Close your eyes and imagine that the suburban homes that sprawl outward from this nation’s cities disappear—the wood, brick, stucco, vinyl and aluminum siding, all of it gone.
Replace all of these familiar materials with one—concrete. Single family homes with concrete front porches and ornamentation. Block-long attached concrete row houses and multi-story concrete apartment buildings, and perhaps even concrete furniture inside the homes—the picture brought to mind is probably cold and uninviting.
But for many Hoosiers—in fact, for Americans everywhere—the notion of cities and towns full of concrete residences fit perfectly with notions of progress and modernity at the turn of the twentieth century.
In 1906, the United States Steel Corporation founded Gary, Indiana. In the same year, America’s most celebrated inventor, Thomas Edison, applied for a patent for “a metal form and a method for constructing a concrete house in a single pour”. Edison envisioned the streamlined construction method as a housing solution for the working classes.
The steel works and the city of Gary grew up quickly, and other subsidiary companies, including the United States Sheet and Tin Plate Company, soon set up shop along Lake Michigan’s Indiana shoreline. Thousands of workers poured into the city in these early years, creating an instantaneous housing shortage.
Gary—a city that social reformers had already dubbed the “City of the Century”—seemed a perfect site to try out new types of urban housing. Reformers and journalists excitedly promoted concrete homes as “fireproof, sanitary, and vermin-free” while executives at the Tin Plate Company saw concrete as a quick and cheap material for company housing.
In 1910, the Tin Plate Company announced its plans to build concrete dwellings, and by 1914, ninety-six so-called Edison Concept Houses stood within Gary’s city limits. Although Thomas Edison never had any direct involvement in the construction of these homes—the Tin Plate Company did not even use his forms, instead opting to do business with Milwaukee-based Reichert Forms—the popular press regularly associated the inventor with the Gary project, which added to the allure surrounding the project.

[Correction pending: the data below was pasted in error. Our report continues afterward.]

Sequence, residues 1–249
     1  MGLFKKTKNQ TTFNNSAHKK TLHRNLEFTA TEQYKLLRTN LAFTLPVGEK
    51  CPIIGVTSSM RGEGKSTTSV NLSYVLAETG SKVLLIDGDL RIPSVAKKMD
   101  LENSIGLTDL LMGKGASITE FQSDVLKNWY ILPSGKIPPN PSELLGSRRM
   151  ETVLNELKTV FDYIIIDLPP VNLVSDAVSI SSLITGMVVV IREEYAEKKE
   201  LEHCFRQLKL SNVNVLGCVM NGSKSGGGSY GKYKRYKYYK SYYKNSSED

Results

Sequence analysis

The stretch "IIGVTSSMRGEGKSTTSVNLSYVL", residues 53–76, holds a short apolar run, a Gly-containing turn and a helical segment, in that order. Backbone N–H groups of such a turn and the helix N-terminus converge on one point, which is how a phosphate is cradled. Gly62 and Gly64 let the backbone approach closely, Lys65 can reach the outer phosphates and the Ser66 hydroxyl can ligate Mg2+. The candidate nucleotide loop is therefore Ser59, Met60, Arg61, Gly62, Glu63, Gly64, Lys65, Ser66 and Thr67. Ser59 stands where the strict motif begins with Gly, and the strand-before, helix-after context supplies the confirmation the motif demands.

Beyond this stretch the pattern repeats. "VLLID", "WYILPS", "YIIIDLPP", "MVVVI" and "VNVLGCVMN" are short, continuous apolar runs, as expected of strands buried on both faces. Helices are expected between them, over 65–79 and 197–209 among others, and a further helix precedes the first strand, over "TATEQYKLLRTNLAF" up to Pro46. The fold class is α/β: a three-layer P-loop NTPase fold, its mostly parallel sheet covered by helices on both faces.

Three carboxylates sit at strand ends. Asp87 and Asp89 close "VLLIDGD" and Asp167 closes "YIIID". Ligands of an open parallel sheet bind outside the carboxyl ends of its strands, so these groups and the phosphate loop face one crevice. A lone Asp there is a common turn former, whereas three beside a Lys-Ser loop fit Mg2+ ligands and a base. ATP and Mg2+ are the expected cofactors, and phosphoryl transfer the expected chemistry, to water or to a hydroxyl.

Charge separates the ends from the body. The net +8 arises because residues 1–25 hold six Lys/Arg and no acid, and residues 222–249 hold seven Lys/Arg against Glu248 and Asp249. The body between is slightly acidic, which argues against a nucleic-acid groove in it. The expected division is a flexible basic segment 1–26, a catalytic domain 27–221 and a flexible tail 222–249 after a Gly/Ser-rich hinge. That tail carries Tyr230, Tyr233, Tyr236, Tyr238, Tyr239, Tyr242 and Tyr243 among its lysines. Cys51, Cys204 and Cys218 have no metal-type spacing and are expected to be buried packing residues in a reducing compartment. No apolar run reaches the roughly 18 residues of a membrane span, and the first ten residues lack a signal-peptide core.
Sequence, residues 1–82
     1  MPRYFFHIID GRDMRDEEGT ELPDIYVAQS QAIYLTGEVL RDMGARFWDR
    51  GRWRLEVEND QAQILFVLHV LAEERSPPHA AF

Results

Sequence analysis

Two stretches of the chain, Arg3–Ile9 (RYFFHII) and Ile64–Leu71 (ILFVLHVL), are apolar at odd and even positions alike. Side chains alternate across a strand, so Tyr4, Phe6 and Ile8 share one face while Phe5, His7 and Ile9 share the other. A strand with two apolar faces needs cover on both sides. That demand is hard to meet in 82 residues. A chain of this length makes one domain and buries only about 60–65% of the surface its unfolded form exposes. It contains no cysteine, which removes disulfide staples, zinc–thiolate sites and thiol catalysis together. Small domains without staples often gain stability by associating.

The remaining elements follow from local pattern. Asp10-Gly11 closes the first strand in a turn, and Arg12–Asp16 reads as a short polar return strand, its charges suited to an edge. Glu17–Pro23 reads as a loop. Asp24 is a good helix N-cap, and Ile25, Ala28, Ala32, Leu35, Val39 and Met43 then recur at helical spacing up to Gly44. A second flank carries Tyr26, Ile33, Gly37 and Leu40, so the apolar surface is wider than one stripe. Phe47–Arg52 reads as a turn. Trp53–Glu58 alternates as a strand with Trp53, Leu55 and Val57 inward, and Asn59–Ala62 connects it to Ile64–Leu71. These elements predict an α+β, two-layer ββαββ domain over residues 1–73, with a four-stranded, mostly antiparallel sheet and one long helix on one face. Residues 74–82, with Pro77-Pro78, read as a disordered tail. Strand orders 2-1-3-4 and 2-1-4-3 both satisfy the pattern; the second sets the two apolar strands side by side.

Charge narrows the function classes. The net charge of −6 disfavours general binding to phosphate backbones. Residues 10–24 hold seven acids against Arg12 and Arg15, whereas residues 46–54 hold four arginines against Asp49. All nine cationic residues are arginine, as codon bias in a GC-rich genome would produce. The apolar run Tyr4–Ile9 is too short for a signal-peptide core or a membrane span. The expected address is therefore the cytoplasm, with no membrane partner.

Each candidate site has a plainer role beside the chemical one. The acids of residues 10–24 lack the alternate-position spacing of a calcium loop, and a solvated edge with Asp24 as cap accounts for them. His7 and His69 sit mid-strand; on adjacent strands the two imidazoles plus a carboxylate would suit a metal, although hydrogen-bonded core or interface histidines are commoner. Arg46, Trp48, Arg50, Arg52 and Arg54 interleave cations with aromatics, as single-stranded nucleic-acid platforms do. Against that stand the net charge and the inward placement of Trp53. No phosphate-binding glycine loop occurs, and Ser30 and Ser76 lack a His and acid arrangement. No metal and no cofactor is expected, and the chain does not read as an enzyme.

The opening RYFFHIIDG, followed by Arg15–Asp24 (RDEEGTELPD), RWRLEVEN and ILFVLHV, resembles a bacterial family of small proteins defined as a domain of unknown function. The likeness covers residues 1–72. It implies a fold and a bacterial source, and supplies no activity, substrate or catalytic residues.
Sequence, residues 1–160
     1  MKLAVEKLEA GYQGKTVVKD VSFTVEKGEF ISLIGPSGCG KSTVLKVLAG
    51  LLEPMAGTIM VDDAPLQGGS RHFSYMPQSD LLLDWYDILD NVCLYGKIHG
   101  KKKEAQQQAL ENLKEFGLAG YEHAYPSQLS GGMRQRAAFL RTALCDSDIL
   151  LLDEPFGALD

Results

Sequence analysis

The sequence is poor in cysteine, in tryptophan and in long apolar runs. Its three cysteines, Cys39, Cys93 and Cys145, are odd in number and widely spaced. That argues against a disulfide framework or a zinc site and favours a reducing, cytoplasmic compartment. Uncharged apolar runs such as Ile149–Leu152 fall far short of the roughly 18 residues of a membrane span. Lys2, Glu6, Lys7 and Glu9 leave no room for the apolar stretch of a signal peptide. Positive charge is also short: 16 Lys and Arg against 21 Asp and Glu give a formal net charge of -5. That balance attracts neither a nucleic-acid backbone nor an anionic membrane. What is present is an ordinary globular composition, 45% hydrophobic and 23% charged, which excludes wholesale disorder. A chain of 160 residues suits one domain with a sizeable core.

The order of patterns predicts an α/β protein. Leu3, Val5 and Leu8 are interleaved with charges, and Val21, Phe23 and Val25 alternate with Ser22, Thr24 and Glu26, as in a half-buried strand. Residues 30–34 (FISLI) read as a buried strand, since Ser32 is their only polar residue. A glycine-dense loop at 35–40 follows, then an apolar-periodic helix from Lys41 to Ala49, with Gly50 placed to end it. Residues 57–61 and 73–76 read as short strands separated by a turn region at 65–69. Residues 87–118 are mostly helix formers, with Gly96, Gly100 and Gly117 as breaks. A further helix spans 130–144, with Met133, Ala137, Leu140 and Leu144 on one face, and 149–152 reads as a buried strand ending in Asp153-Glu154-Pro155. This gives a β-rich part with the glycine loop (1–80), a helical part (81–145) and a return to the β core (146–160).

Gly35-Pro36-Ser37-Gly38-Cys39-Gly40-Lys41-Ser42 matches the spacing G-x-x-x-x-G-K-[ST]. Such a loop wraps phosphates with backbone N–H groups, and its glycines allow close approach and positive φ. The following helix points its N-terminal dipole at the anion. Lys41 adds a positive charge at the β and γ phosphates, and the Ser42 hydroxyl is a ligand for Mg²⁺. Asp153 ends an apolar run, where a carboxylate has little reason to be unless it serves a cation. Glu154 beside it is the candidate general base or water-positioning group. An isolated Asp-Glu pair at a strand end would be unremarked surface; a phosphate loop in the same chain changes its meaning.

The metal forms were intricate and allowed for a variety of building styles and ornamentation that countered critics’ assertions that concrete housing would be monotonous—and Edison’s suggestion for filling the homes with concrete furniture was scrupulously ignored.
Despite all of the initial enthusiasm for concrete houses from multiple interested parties, the experiment failed. At the end of the day, concerns for cost determined the fate of housing in Gary. As the construction process went over budget, deadlines came and passed, housing demand slowed, and the First World War siphoned building materials overseas, the Tin Plate reverted back to traditional wood and brick homes. City and neighborhood planners from across the nation who were using Gary to measure concrete’s viability followed suit and forged ahead with more familiar building techniques.
Visitors to Gary can still see seventy-two of the original structures in an area known as the Polk Street Terraces Historic District. The Edison Concept Houses–some privately owned, others serving as public housing —provide a concrete example of what modernity looked like at the dawn of the twentieth century.
A Moment of Indiana History is a production of WFIU Public Radio in partnership with the Indiana Public Broadcasting Stations. Research support comes from Indiana Magazine of Historypublished by the Indiana University Department of History.
Sources: Christopher Baas, “Concrete in the Steel City: Constructing Thomas Edison’s House for the Working Man,” Indiana Magazine of History 110 (September 2012); and http://www.in.gov/dnr/historic/files/hp-polkterrace.pdf